Director Dana Schroeder spared no expense in bringing top grade special effects and graphics to the movie but he should have paid a tad more attention to the script dialogue and film editing.
Slice of SciFi movie critics Noah Richman and Daren Gulsvig needed time — days worth of time — to digest the cerebral, emotional, logical and imaginational impact of Interstellar. At 3+ hours long, it was a lot to take in and our reporters don’t see eye to eye on the success of Christopher Nolan’s epic ride.
“Star Wars: Tarkin” answers the troubling question of how a young lad born and raised by a prominent family on one of the outer rim planets (Eriadu), places normally reserved as breeding grounds for rebels, thieves, gangster thugs (the Hutts), hijackers and smugglers (Han Solo) could produce a man like Wilhuff Tarkin who would rise to the Empirical rank of Grand Moff.
True Confession: I don’t know much about the comic and have never read it, but I’m a total animation fangirl of the highest order, so it’s animated, I figured I kind of wanted to see it. But what interested me the most was that the hubs was interested in the movie. We have no little kids around at the moment, so him wanting to see an animated movie (one of my areas of, as stated, major fangirl interest, but not his) was a little shocking.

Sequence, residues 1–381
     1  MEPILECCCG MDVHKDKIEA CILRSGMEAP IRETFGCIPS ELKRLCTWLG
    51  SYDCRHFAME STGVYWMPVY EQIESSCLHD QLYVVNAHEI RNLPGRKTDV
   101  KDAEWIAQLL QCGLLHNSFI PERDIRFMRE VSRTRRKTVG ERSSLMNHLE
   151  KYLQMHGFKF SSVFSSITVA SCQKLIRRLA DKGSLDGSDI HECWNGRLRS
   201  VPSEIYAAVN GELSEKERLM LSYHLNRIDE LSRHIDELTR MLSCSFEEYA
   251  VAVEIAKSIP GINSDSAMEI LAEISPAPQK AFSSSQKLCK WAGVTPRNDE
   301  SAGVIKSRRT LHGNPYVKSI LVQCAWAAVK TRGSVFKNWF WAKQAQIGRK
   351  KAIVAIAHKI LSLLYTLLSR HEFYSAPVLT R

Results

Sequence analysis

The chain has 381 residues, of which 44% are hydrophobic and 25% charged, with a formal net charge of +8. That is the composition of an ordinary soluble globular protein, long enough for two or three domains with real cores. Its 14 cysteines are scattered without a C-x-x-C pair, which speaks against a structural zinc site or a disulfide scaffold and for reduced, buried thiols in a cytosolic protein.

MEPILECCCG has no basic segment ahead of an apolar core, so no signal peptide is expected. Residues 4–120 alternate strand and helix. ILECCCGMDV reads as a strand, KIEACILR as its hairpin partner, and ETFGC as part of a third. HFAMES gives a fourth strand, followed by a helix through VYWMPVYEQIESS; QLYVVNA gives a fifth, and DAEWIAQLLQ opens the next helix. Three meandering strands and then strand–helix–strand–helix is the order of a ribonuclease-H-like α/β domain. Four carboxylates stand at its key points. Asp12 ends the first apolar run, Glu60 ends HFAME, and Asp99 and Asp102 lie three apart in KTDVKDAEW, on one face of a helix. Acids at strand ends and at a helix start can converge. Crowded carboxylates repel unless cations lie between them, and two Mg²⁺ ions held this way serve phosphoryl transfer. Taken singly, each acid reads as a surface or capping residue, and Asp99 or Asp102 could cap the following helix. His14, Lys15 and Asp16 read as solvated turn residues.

Him liking it as much as I did was more so.
I raved about Sleepy Hollow last year when it came on the scene. Now, what feels like years but is only eight or nine months later, Sleepy Hollow is back. The question is – should you be back with the residents of the U.S.’s most demonic area as well?
A prequel that doesn’t feature the most popular comics character possibly ever created? A show focused on a supporting character in no way as popular as that other, incredibly popular character? Starring that kid from The O.C.? What’s up with that and who the heck thought it would work?
What’s up is called Gotham – and it works like crazy.
The trickiest part of writing a tie-in novel with a movie or TV franchise is making the characters speak with the voices we have come to know on screen. In this sense, Doctor Who: Engines of War is a success. Author George Mann brings the War Doctor to life in this adventure that takes place during the Time War. Throughout the course of the story, I could hear John Hurt’s voice in the dialogue.